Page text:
Aerobic exercise, such as running, swimming, and cycling can reverse biological ageing, but strength training has little effect, a study suggests.
Scientists monitor how quickly the body is age by studying the protective caps on the end of chromosomes – known as telomeres – which keep DNA intact and repair systems functioning well.
As humans age telomeres get shorter eventually causing cell death and disease. But a new study by Leipzig University, found in Germany, found that after six months of regular aerobic exercise telomeres had lengthened by 3.5 per cent. In contrast people doing weight training saw no lengthening.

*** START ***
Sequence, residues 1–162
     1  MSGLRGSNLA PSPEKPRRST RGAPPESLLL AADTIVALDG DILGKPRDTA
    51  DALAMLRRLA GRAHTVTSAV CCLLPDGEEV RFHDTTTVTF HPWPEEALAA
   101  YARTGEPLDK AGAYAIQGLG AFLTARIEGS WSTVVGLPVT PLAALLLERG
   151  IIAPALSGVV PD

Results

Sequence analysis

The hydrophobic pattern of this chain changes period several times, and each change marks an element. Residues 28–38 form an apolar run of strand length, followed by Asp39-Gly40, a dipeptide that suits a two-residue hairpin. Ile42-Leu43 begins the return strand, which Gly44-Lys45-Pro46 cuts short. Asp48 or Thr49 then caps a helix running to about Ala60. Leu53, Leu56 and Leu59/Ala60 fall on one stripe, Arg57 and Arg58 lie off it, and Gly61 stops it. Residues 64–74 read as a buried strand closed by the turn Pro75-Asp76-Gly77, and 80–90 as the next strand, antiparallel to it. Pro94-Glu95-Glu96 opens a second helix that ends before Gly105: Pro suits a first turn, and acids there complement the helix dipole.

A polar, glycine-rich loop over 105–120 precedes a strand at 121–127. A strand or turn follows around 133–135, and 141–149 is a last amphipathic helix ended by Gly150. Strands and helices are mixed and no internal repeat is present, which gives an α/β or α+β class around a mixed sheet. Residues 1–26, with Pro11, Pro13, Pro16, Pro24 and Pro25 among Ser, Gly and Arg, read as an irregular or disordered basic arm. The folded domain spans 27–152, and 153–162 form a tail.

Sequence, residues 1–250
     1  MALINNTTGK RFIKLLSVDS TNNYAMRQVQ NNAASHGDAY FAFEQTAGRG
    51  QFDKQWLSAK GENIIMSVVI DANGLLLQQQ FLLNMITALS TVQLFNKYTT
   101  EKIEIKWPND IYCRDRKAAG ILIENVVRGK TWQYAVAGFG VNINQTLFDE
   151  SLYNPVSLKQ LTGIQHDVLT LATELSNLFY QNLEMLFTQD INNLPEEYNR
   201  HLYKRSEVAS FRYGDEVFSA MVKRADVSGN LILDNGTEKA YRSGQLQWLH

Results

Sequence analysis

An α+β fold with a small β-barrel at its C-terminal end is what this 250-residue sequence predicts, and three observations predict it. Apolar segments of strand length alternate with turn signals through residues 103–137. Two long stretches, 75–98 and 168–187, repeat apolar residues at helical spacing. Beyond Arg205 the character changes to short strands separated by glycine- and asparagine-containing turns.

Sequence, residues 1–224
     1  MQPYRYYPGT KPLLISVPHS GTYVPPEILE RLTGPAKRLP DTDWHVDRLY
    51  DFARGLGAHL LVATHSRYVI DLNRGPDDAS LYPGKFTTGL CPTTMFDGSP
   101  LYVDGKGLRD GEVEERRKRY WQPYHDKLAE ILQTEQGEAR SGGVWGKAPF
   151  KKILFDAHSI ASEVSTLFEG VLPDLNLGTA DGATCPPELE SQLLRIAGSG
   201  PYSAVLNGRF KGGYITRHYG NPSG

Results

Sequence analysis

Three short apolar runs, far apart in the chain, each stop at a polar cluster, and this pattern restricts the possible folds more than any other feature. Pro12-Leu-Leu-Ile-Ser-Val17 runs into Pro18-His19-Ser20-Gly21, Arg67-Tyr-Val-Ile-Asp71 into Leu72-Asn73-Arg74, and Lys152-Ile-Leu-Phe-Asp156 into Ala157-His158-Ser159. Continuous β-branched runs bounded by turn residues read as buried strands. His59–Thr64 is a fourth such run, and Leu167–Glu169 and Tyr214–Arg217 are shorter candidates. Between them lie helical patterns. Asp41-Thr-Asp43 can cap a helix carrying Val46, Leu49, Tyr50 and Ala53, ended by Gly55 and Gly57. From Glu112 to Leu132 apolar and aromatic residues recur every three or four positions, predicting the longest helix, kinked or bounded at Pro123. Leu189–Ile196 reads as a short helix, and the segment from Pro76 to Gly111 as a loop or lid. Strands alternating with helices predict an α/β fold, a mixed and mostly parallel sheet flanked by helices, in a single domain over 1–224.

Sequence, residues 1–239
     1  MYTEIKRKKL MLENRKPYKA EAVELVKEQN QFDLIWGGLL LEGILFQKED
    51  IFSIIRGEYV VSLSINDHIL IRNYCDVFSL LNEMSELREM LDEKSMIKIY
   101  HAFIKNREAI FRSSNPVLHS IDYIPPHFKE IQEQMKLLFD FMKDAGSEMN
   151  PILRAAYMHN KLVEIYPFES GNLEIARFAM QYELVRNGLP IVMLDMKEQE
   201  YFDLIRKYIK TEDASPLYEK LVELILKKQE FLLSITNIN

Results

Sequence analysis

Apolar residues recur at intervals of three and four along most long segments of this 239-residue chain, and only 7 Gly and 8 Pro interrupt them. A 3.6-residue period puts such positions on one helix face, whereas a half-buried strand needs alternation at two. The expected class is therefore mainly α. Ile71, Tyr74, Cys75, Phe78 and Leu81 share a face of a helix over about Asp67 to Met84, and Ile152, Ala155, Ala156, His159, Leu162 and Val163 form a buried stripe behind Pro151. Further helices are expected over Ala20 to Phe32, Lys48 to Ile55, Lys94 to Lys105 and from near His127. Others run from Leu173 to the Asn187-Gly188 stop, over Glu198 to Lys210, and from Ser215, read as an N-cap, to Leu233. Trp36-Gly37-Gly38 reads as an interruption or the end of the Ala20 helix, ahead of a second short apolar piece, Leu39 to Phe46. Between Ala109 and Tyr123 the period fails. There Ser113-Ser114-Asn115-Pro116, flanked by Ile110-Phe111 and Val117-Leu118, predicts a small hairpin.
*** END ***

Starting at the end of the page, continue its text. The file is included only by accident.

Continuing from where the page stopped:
The scientists think the endurance training may be the long journeying and fight or flight behaviour of our ancestors.
Those participating in 45 minutes of aerobic exercise three times a week also had three times more telomerase, an enzyme that keeps telomeres long and healthy, compared to those taking part in resistance training.